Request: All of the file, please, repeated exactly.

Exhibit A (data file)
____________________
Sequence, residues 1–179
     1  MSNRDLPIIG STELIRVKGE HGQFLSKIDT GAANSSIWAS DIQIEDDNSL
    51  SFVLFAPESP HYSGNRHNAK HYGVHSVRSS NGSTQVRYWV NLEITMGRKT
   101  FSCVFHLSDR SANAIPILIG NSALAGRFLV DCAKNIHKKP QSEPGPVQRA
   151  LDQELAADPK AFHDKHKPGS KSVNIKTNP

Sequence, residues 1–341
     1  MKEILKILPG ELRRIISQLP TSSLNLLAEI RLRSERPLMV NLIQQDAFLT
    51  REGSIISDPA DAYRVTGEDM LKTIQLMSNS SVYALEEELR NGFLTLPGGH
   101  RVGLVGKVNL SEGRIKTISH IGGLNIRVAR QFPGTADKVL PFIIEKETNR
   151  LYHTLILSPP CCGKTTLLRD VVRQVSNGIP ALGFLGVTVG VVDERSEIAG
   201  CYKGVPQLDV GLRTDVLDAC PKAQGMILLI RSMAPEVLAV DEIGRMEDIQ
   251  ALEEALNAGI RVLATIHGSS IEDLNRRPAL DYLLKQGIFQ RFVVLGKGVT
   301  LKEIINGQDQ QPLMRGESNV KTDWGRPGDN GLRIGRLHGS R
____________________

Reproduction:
Sequence, residues 1–179
     1  MSNRDLPIIG STELIRVKGE HGQFLSKIDT GAANSSIWAS DIQIEDDNSL
    51  SFVLFAPESP HYSGNRHNAK HYGVHSVRSS NGSTQVRYWV NLEITMGRKT
   101  FSCVFHLSDR SANAIPILIG NSALAGRFLV DCAKNIHKKP QSEPGPVQRA
   151  LDQELAADPK AFHDKHKPGS KSVNIKTNP

Sequence, residues 1–341
     1  MKEILKILPG ELRRIISQLP TSSLNLLAEI RLRSERPLMV NLIQQDAFLT
    51  REGSIISDPA DAYRVTGEDM LKTIQLMSNS SVYALEEELR NGFLTLPGGH
   101  RVGLVGKVNL SEGRIKTISH IGGLNIRVAR QFPGTADKVL PFIIEKETNR
   151  LYHTLILSPP CCGKTTLLRD VVRQVSNGIP ALGFLGVTVG VVDERSEIAG
   201  CYKGVPQLDV GLRTDVLDAC PKAQGMILLI RSMAPEVLAV DEIGRMEDIQ
   251  ALEEALNAGI RVLATIHGSS IEDLNRRPAL DYLLKQGIFQ RFVVLGKGVT
   301  LKEIINGQDQ QPLMRGESNV KTDWGRPGDN GLRIGRLHGS R